helen marten wins 2016 turner prize
The 31-year-old artist took home this year’s award.
Fresh from winning the Hepworth Prize earlier, Helen Marten has got her second big art world gong in one month. After she picked up the inaugural Hepworth Prize, a new prize awarded purely for sculpture, she shared the prize money amongst the other nominees. She confirmed she'd be doing the same for the Turner Prize, sharing the £25,000 prize with the other shortlisted artists, Anthea Hamilton, Josephine Pryde, and Michael Dean. She wanted to play it down though, stating she wanted to do it quietly, and not "politicise that gesture."
Helen was nominated for exhibitions Lunar Nibs at the 56th Venice Biennale, and the solo exhibition Eucalyptus Let Us In at Green Naftali in New York. Helen, the youngest nominee this year, is known for dense and complex installation works, assembled from fragments, pieces, everyday items; there's a beguiling beauty in them, an uncomfortable narrative absence sits in their centre. They are intense and immersive. The jury commended Helen's work for "its extraordinary range of materials and form" and its "poetic and enigmatic qualities".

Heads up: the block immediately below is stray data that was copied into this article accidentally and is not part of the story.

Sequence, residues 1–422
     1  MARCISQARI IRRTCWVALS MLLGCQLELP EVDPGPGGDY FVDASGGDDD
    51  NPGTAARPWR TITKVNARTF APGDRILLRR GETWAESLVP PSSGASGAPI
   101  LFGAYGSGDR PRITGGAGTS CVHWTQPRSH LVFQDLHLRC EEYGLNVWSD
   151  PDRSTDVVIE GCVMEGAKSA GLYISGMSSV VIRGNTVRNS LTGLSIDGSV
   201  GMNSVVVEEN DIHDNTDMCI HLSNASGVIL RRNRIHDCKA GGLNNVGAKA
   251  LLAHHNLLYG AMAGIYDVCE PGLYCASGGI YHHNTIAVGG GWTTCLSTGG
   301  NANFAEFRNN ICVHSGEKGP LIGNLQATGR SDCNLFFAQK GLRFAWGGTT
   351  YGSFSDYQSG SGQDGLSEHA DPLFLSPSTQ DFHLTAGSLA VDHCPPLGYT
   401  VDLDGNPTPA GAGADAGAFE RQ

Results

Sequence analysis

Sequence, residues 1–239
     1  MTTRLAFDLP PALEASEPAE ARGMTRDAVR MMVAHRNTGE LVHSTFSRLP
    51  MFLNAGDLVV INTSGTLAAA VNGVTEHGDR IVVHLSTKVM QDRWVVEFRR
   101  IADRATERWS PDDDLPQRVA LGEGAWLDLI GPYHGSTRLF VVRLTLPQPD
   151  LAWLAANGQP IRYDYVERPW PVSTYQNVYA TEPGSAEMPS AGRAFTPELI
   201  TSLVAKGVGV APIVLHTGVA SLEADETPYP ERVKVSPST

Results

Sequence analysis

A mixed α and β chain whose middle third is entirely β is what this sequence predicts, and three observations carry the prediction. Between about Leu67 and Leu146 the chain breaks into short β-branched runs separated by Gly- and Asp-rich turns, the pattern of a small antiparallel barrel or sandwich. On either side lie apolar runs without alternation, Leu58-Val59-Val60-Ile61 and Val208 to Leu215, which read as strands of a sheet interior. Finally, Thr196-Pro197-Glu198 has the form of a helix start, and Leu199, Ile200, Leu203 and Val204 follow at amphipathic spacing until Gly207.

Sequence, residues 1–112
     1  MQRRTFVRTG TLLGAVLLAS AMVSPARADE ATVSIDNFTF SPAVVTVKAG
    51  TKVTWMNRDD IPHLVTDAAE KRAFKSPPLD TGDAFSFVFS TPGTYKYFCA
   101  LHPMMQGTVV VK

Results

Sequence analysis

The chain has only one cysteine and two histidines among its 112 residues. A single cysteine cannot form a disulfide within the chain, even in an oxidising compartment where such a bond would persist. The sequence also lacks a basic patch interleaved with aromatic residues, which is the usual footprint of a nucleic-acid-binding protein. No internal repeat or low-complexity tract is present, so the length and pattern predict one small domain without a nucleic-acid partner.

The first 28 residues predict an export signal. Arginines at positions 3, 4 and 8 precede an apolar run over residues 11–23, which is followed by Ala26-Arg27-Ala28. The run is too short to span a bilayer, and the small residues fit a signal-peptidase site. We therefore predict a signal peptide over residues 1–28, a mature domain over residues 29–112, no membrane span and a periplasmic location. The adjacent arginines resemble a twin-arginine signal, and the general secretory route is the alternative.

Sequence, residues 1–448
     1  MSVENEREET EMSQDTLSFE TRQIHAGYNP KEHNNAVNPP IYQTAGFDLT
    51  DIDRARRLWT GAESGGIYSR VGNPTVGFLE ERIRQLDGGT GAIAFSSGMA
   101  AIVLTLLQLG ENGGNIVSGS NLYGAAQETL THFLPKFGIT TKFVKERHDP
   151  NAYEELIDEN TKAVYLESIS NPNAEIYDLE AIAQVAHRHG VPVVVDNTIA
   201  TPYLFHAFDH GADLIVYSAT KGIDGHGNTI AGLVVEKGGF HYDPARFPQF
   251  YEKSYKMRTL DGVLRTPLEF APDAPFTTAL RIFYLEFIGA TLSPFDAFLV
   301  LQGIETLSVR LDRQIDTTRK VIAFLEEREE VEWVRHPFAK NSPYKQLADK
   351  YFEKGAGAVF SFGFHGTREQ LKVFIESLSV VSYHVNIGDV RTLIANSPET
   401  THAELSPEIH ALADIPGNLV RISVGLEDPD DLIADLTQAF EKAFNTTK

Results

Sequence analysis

art critic, failed Tory leadership candidate and fearless Brexiteer Michael Gove led the dissenting voices, who claimed that Helen's work was indicative of the "tragic emptiness of now", calling out the Turner Prize as "modish crap" and stating it has nothing to do with the legacy of JMW Turner himself. Luckily no one really pays much attention to the opinions of Michael Gove anymore, as Helen Marten is undeniably a incredibly deserving winner. But his controversial remarks hark back to a wilder time for the Turner Prize when it regularly picked up criticism from the tabloid press about the artists involved. Recent years have seen the award go to more considered, less shocking, artists, and with that, the contentiousness surrounding it has died down.
Text Felix Petty
Portrait Juergen Teller